Recently this approach for tissue rejuvenation, which transfers blood from young donors (parabiosis), was proposed based on animal studies. In 2008, scientists at Stanford reported that parabiosis between young and old mice restored muscle and liver cells in the aged mice. Later growth differentiation factor 11 (GDF-11) was identified as the element responsible for the rejuvenating effects in muscles, blood vessels and neurons of the brain. The same factors were found in human blood, but, so far, there are no convincing results: transfusions from younger donors do not show a favourable outcome on the survival rate of older patients.
What Are Mesenchymal Stem Cells, and What is Their Application in Anti-Ageing Treatment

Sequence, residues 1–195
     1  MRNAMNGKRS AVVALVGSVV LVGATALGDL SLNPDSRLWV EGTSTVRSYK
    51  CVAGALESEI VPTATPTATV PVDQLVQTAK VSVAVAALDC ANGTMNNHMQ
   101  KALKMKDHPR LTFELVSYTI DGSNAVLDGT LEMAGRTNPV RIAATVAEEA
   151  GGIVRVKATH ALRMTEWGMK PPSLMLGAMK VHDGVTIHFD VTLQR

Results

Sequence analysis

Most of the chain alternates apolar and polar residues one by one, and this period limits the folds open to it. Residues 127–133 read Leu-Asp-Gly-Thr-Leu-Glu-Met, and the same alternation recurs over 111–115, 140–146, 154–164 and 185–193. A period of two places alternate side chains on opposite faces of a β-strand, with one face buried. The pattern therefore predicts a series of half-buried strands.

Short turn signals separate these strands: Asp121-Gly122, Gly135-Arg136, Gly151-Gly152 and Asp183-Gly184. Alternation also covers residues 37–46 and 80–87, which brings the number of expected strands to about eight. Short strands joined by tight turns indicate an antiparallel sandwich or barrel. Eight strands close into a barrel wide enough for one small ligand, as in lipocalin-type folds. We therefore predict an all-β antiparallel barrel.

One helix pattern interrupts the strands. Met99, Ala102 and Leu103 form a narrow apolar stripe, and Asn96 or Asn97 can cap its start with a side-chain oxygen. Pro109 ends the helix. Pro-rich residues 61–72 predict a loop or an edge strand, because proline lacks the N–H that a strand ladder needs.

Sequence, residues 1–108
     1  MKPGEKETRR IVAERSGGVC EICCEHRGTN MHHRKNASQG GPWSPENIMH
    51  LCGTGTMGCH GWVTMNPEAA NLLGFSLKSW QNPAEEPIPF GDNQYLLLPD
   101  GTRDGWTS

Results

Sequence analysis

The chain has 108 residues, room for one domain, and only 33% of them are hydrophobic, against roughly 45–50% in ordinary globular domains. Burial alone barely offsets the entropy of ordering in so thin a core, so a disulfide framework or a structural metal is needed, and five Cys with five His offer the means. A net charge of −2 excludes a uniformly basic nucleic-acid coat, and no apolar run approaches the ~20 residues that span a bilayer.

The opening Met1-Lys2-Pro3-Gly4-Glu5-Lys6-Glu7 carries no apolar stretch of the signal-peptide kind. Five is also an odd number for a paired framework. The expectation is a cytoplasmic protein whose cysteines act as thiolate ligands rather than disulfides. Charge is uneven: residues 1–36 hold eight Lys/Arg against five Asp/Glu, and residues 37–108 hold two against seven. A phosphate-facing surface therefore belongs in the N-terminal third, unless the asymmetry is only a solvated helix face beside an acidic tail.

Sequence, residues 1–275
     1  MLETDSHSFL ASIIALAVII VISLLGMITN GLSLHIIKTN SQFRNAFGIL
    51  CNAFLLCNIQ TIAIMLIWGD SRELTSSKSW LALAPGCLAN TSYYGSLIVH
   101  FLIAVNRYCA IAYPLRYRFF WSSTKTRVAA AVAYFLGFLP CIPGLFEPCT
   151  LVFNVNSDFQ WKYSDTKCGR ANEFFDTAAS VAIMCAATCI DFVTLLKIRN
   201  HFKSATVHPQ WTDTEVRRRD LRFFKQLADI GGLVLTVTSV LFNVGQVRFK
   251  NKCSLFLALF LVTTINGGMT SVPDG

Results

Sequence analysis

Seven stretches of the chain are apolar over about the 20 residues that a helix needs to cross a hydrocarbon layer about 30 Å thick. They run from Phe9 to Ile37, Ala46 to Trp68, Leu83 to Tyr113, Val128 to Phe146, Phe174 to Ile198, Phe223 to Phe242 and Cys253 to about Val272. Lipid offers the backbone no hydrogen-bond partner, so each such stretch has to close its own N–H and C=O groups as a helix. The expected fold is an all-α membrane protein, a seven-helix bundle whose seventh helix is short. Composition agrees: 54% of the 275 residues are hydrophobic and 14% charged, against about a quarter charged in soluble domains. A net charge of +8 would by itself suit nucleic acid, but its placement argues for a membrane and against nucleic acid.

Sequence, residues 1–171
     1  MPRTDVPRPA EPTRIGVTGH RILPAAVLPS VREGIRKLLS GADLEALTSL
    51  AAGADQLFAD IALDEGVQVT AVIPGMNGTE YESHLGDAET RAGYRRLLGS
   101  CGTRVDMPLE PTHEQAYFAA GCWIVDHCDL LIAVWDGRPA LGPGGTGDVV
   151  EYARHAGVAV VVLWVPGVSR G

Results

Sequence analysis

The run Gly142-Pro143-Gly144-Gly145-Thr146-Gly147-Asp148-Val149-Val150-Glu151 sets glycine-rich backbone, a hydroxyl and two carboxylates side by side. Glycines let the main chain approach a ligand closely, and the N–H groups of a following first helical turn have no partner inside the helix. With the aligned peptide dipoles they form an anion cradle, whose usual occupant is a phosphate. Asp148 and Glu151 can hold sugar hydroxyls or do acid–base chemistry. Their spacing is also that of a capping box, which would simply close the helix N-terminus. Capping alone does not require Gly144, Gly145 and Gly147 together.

Regenerative medicine offers a modern approach, to turn back the clock of ageing by 10-15 years, in terms of health and appearance. For this, cellular products are used, and the multipotent mesenchymal stem cells (MSCs) are the most promising and popular.
MSCs are stem cells which are present in many tissues and organs of the adult body and can be easily obtained for clinical purposes. They can differentiate into a variety of cell types:
- Fibroblasts – cells of connective tissue which are found throughout the body and produce the extracellular matrix, collagen, growth factors and cytokines.
- Neuronal cells.
- Endothelial cells, which form the walls of the blood vessels.
- Plus others.
These cells can migrate to areas of acute and chronic inflammation and injury sites and are responsible for producing biologically active chemical factors (including cytokines, growth factors and microRNA). All the above-listed functions determine the critical role of MSCs in tissue healing and regeneration. The advantageous features of MSCs may be used for ageing prevention and reverse age-related changes, both visible and internal.